The 5 Most Common Insecurities That Women Have
“Honey, does this shirt make me look fat?”
Men everywhere cringe at the question that inevitably comes at some point in every relationship.
The dire consequences of pausing too long before answering or worse yet – having an inadvertent eye twitch towards the general vicinity of the shirt in question are too grave to even consider. Time slows, the male psyche shatters into a thousand tiny pieces – like a brittle wine glass crashing on a ballroom floor. It’s a no win scenario and the man lost before the question was even asked.
The example above may be cliché, but it does highlight an example of an insecurity many women face, along with its devastating impact on their deer-in-headlights loved one. Furthermore, while it’s true that everyone is faced with insecurities, studies have shown that increase priority seems to be placed on girls at very young ages to be more modest and self-effacing than their male counterparts.
Below is a list of five of the most common insecurities found in women. What is fascinating is that each of the most common insecurities deals with appearance or implications of appearance on current and future relationships.
• Sexual Desirability – Women want to be sexually attractive and are so driven by this need they find themselves constantly measuring their own desirability against that of other women they view as competition.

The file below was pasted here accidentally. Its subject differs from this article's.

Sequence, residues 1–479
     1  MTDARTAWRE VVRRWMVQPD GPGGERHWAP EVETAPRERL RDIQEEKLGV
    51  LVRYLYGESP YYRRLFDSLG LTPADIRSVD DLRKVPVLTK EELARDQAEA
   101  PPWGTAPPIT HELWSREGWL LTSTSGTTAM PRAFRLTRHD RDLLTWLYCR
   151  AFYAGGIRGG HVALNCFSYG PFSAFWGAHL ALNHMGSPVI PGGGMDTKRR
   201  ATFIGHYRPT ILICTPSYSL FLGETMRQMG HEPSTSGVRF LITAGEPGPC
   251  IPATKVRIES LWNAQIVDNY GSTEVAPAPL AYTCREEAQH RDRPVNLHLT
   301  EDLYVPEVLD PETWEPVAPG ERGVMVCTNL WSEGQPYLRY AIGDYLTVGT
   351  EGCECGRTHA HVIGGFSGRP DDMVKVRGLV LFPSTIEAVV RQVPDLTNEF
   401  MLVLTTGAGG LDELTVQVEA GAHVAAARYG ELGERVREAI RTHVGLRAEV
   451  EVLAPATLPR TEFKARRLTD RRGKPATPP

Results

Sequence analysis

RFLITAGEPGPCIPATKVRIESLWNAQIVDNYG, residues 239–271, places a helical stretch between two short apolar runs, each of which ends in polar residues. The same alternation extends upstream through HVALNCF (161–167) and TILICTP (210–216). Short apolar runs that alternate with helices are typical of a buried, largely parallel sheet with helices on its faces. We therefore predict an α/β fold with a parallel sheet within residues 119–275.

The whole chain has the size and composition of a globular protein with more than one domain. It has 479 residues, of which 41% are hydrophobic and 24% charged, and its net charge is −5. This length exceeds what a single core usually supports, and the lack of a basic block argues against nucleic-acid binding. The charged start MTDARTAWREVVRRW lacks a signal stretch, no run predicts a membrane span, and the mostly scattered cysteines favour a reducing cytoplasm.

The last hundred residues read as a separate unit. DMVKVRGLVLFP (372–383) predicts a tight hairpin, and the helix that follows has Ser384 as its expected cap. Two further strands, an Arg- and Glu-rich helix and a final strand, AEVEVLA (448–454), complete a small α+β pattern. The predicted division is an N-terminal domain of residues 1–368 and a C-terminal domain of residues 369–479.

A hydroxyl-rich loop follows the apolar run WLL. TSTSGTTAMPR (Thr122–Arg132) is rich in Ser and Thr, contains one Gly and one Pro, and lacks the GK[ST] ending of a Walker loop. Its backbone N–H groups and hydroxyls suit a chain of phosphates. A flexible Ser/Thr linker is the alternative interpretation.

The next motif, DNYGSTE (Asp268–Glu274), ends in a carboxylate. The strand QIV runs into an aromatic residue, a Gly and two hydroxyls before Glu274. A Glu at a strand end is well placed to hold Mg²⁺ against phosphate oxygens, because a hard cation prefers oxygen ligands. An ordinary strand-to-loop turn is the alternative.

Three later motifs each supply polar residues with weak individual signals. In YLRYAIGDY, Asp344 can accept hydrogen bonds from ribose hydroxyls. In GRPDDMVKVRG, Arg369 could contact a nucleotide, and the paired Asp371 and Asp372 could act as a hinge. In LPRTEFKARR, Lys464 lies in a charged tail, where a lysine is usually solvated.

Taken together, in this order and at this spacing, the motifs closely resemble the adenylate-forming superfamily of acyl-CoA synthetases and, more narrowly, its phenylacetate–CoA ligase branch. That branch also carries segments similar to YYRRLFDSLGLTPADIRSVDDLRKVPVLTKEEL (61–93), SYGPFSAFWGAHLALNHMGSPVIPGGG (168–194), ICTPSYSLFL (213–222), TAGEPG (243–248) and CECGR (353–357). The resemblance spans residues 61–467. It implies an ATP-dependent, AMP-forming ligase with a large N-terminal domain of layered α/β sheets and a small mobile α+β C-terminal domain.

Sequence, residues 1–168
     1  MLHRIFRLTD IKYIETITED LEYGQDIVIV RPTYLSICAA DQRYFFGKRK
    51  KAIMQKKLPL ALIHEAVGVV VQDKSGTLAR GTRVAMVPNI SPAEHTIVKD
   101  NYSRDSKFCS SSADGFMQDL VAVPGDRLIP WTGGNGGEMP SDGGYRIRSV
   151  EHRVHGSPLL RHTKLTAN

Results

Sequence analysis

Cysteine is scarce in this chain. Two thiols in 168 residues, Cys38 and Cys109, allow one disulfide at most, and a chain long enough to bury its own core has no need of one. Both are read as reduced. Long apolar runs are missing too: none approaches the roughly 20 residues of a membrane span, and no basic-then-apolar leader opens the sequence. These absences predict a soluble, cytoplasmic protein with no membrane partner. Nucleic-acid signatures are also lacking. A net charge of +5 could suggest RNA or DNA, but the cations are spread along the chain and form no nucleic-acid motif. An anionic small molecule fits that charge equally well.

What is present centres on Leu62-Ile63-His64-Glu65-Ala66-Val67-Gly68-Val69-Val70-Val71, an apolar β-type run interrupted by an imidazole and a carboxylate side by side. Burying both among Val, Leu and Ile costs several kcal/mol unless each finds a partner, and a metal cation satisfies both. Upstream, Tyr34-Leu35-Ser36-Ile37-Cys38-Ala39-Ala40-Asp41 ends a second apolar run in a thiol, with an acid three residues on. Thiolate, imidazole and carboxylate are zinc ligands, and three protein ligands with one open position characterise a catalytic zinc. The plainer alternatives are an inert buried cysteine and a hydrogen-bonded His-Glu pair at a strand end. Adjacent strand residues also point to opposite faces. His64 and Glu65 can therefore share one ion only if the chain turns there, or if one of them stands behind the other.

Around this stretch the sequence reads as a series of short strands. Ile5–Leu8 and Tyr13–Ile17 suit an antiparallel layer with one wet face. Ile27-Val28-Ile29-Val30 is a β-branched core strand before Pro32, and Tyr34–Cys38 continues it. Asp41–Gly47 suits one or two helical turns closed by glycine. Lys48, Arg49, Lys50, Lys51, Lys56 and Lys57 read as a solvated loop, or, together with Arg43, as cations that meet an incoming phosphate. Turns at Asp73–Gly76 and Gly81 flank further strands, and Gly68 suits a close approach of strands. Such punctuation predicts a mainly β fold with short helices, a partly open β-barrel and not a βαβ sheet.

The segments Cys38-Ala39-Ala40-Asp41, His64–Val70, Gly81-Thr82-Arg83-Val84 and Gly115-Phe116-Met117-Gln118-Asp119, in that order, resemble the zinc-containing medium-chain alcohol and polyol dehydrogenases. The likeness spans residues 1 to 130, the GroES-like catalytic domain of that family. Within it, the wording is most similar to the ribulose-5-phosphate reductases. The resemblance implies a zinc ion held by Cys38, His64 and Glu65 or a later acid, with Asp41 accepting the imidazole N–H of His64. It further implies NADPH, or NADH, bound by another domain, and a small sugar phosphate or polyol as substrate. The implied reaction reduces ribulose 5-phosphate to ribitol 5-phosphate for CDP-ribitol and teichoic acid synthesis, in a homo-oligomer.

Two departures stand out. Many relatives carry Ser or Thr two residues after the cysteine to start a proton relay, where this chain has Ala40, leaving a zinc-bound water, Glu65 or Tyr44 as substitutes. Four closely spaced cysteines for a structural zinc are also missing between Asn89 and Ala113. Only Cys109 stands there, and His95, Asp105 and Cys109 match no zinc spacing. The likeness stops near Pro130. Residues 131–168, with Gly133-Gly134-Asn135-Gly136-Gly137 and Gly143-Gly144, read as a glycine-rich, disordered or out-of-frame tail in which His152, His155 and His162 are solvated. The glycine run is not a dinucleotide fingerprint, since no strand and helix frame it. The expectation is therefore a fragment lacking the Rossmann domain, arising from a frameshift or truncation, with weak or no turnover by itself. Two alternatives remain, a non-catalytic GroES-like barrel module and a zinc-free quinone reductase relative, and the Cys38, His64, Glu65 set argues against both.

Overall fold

• Weight – As depicted in the introduction, weight is a huge issue for women. They want to be skinnier no matter how beautiful they are and are constantly seeking out the latest dieting or exercise techniques to stay on top of their game.
• Career – Insecurities within the workplace are common as women strive to climb the corporate ladder, competing with their male co-workers.
• Intellectual Life – Women tend to be very concerned about their perceived understanding of intellects such as social philosophy, math, science, or physics.
• Friends – Women can sometimes be insecure when it comes to their friends. Often they judge themselves based on the income level or appearance of those they are closest to. In new relationships, sometimes women can be insecure of what their new partner might think about their friends or whether they will be attracted to them.
Insecurities can range far and wide. Research suggests, however, that some insecurities remain static across many populations. Women, in particular, are susceptible to many commonly shared insecurities across the board.